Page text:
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Jenna Bernard, 25

Updated: Nov 16, 2022

Social media handles: jbernard123

Beginning of my journey not wearing a prosthetic eye. At the gym wearing all black, brown curly hair down. Looking straight at the camera, curling a 30 pound weight.
Beginning of my journey not wearing a prosthetic eye.

Where are you from? Connecticut

Where do you live now? Boston, MA

Tell us a little about yourself:

I love to be moving! I am grateful that my job as a food scientist allows me to be on my feet for a good portion of the day. I'm an avid hiker, walker, powerlifter, skier, climber, and adventurer. I'm drawn to people and am always down for a real conversation with anyone.

What’s your eye story?

I was born with Microopthalmia, which just means “small eye”. As a baby, my left eye was much smaller than my right. My mom and dad had taken me to multiple doctors to try and figure out what was going on. Once we had the diagnosis, I started to see an ocularist and wear a prosthesis. I used to wear one anytime I was out in public, until a few years ago when wearing my eye started to consistently bother me. I was forced to keep it out during the day, which forced me to learn how to be comfortable looking different. It felt impossible at first like everyone was always staring at me and thinking I was this major outsider. However, the more I didn't wear it, the more I realized that the only person who really cared if I had a prosthesis or not, was me. I became more and more comfortable talking about what was "wrong" with my eye and what happened (or didn't). Eventually, I started to really embrace my uniqueness. In December of 2021, I decided to get a novelty eye that was based on my cat, Nala. Doing this was a huge step in my journey. It really allowed me to not only be okay with being a bit different but outwardly choose to be different. I love this part of me now. I love the conversations it has sparked with others and how it’s helped me gain the strength and confidence I need to get through this journey.

What has been the hardest thing mentally?

I was made fun of a lot when I was younger, and even a little through college. As an adolescent, that was really hard and I let the names and words get to me. I thought my worth was based on how I looked. I thought if my face couldn't look "normal" or "good" then I had to overcompensate and look better everywhere else. I started to place a lot of emphasis on my body and what I looked like, which really affected my mental health. If I was having a bad day, I would beat myself up by telling myself I didn't look good, and that I wasn't worthy of love or friendships because of that. With the inability to wear my prosthetic in recent years, there has come tremendous growth in my self-love journey. My worth isn't dependent on how I look, how I fit in, or how I think others see me anymore. It's only dependent on how I see myself.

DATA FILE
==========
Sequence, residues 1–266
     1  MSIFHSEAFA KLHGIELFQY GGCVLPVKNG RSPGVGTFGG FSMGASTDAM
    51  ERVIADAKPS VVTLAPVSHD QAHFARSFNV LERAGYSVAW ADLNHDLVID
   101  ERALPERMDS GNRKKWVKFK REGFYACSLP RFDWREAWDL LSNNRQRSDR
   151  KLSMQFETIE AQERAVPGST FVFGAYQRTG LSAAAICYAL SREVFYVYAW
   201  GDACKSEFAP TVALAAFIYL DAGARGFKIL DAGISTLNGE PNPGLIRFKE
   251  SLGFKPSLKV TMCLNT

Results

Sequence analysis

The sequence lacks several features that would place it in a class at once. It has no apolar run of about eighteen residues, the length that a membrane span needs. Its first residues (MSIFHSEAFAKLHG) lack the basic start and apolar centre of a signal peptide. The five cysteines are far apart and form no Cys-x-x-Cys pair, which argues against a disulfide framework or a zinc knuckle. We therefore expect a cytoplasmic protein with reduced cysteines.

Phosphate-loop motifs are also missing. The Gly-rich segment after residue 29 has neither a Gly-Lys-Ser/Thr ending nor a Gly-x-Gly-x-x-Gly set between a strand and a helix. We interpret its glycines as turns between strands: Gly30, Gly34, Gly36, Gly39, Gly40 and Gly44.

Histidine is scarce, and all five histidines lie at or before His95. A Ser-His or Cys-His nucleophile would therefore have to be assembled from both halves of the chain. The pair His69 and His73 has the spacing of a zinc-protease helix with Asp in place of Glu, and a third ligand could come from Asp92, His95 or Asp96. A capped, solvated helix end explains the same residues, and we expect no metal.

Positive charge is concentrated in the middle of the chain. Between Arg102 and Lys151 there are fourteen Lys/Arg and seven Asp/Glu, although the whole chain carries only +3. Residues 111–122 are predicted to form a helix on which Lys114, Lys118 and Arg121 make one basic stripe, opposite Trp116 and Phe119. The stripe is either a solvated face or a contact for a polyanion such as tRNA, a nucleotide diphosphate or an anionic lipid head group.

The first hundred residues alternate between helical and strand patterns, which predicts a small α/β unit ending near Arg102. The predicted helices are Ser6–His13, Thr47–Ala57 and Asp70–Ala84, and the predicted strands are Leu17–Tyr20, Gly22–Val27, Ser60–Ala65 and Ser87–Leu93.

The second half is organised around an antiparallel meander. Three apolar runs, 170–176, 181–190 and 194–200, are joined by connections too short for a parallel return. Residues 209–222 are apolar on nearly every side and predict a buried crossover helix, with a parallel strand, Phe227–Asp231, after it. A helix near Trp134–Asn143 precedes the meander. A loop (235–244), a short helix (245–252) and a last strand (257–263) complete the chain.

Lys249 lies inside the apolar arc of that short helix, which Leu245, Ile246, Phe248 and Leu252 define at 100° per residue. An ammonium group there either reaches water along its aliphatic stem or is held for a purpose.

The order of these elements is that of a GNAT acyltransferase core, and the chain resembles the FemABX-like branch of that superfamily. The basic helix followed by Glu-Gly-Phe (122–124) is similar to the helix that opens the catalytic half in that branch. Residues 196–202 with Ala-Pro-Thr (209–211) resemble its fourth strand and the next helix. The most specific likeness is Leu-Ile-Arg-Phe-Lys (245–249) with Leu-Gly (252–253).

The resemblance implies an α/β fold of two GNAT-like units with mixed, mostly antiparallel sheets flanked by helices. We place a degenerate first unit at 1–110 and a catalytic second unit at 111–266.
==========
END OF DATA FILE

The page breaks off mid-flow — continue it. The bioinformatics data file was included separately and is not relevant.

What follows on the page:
I also had a really hard time understanding the importance of wearing glasses to protect my good eye. I didn't like how they looked and hated being judged for that. Now, although I sometimes forget, I understand why I need to wear them. I don't have as much of a problem embracing how they look, even if they are sort of funny because I’ve learned to cope with it in healthy ways. I've got to be able to laugh at myself a little bit too!

My novelty prosthetic cat eye. Outside, trees in the back ground with a face mask on, sun glasses on top of my head. Brown hair and a blue shirt
My novelty prosthetic cat eye

What has been the hardest thing physically?

Physically, it's just really stressful and draining when my prosthetic is irritating my eye socket. It comes out of nowhere, and it used to consume my thoughts. It got to the point where I couldn't focus on being present because I was only thinking about how much the prosthesis was bothering me. Now if it bothers me, I am comfortable enough to just take it out! It is still frustrating to not be able to choose when I want to wear the prosthetic or not, but at least I’m comfortable without it.

Where are you now in your recovery?

There is no recovery because I didn't have any injury to recover from. I just know now that I'm much happier and accepting of the fact that I am different.

What piece of advice would you give to someone going through their eye impairment journey?

You are different, yes. You will get some looks, yes. But you are also incredibly unique, and that is beautiful. Own who you are, love who you are, and know that those who love you don't care what you look like. You will come to find that even the ones who do care what you look like, don't matter. You are worthy no matter how many eyes you have.

How did you find EYEHESIVE?

An ocularist that I follow on Instagram posted about Eye Connect, and I found you through them.

My cat Nala, wearing my novelty prosthetic eye, laying on the couch smiling.
My brothers cat Bert

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